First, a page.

Linked by Thom Holwerda on Mon 18th Jul 2011 21:38 UTC
Google So, Google has come under scrutiny by the US Federal Trade Commission for possible anti-competitive practices. While I would say the FTC has far larger threats to competition to worry about (the inevitable p-word), it would appear there's sufficient suspicion to take a gander at Google's business practices.
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RE: Minor point
by Brendan on Tue 19th Jul 2011 05:02 UTC in reply to "Minor point"
Brendan
Member since:
2005-11-16

Hi,

If this is the case, aside from the argument if Google's practises actually unfairly favour Google, exactly what law are Google supposed to have broken?


The general idea is that a company who has market dominance in one area can't use that market dominance to gain an unfair advantage in a different area.

One hypothetical example would be Microsoft using the market share of Windows to influence consumer's choice of web browser. Another hypothetical example would be an internet search provider using their market share to influence consumer's choice of travel agent.

Suppose for the sake of argument that Google's advertising does in fact favour Google. Isn't that exactly what advertising is supposed to do?


It has nothing to do with Google's advertising. It has everything to do with whether or not their search engine's results are unbiased.

Imagine if they rigged their search results so that any search containing the words "mobile phone" only ever returned links to pages that make Android sound fantastic and links to pages criticising Windows Phone 7. If they did that, then they'd be using their market dominance in one area (internet search) to gain an unfair advantage in a different area (mobile phones).

Of course I'm *not* saying Google are doing anything like that (and I'm not saying they aren't).

For fun, I just used Google's search engine to search for "best search engine", and Google wasn't even mentioned in the first page of their own search results (which surprised me a lot). The top result (for me) was "http://www.dogpile.com/". Then I used Google to search for "mobile phone" and Android wasn't mentioned. Now I'm starting to wonder if they're guilty of not doing everything they can do for their shareholders... :-)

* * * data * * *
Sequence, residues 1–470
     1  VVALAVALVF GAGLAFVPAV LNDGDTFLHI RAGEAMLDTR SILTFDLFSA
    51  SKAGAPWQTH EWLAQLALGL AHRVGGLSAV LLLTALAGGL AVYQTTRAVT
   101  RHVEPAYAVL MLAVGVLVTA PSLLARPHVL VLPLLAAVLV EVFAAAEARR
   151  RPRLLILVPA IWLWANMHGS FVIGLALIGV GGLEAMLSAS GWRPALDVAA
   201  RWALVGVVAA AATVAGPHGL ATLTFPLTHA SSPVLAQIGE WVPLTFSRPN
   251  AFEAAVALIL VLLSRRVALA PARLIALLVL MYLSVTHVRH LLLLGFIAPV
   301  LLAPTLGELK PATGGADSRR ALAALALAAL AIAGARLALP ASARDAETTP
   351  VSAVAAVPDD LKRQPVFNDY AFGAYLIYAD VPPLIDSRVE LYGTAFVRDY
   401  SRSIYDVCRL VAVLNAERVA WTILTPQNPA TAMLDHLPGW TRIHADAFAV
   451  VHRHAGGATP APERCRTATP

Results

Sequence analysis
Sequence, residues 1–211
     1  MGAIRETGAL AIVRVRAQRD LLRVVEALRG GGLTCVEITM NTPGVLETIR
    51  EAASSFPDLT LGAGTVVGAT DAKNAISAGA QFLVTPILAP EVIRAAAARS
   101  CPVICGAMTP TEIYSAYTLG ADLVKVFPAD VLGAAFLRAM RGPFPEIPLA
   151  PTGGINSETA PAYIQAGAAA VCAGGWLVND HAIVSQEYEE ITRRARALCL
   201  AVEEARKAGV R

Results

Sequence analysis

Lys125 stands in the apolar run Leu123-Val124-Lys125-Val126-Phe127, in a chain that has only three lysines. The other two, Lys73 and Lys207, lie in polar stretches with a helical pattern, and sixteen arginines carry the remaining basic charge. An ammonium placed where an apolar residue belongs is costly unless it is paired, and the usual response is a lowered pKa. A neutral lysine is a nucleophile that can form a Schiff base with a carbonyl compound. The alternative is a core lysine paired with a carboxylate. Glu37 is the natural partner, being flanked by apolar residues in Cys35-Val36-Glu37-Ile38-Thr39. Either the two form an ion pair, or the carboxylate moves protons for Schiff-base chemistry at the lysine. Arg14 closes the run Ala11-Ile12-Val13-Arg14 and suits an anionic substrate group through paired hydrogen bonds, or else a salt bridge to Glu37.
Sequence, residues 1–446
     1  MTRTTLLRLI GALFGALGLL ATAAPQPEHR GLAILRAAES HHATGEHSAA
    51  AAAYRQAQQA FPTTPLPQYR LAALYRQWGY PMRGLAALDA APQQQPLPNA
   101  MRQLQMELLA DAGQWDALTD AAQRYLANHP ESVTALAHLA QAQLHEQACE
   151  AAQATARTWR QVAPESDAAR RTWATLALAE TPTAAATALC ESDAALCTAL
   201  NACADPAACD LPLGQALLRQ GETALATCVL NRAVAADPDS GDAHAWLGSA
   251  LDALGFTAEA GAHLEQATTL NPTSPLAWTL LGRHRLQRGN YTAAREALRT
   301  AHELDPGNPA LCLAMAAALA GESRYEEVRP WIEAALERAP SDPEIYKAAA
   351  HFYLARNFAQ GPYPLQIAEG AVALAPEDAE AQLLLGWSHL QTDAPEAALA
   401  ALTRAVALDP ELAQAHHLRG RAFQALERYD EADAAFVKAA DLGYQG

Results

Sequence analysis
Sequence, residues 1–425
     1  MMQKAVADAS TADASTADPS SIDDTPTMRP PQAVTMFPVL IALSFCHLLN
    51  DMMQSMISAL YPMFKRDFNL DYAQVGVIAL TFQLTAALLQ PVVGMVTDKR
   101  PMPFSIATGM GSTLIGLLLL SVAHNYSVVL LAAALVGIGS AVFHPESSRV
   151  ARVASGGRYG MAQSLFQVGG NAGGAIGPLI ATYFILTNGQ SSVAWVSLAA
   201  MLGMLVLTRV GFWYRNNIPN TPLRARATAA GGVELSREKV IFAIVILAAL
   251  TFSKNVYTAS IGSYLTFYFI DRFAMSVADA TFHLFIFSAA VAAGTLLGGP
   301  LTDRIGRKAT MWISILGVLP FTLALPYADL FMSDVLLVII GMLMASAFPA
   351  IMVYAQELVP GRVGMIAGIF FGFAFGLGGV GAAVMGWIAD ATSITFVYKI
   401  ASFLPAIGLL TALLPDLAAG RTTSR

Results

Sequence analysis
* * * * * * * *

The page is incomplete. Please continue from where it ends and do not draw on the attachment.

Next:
-Brendan

Reply Parent Score: 5

RE[2]: Minor point
by lemur2 on Tue 19th Jul 2011 05:32 in reply to "RE: Minor point"
lemur2 Member since:
2007-02-17

For fun, I just used Google's search engine to search for "best search engine", and Google wasn't even mentioned in the first page of their own search results (which surprised me a lot). The top result (for me) was "http://www.dogpile.com/". Then I used Google to search for "mobile phone" and Android wasn't mentioned.


OK, had those results been the opposite, I suppose one could argue that Google was trying to unfairly influence ordinary people. Since protecting the interests of ordinary people IS the point of anti-trust law, there is the beginning of a premise here.

The only remaining problems are:

(1) the results were not the opposite,
(2) there are plenty of alternative search engine providers, and people may easily switch to them, and
(3) Google has only 69% of the search engine market anyway

It seems to me the FTC (or whoever) still has an extraordinarily difficult case to make.

Reply Parent Score: 2

RE[2]: Minor point
by steampoweredlawn on Tue 19th Jul 2011 07:49 in reply to "RE: Minor point"
steampoweredlawn Member since:
2006-09-27


For fun, I just used Google's search engine to search for "best search engine", and Google wasn't even mentioned in the first page of their own search results (which surprised me a lot). The top result (for me) was "http://www.dogpile.com/". Then I used Google to search for "mobile phone" and Android wasn't mentioned. Now I'm starting to wonder if they're guilty of not doing everything they can do for their shareholders... :-)


Similarly, I did a quick Google search for "photo sharing". The first result I got was for Flickr, the second for Photobucket. Google's own Picasa came in third, above a Wikipedia link for photo sharing. Search for anything Google is trying to establish a presence in, and you'll find they do not favor their own product.

On the other hand, searching for "photo sharing" on Bing returns no mention of Picasa on the first page.

Reply Parent Score: 3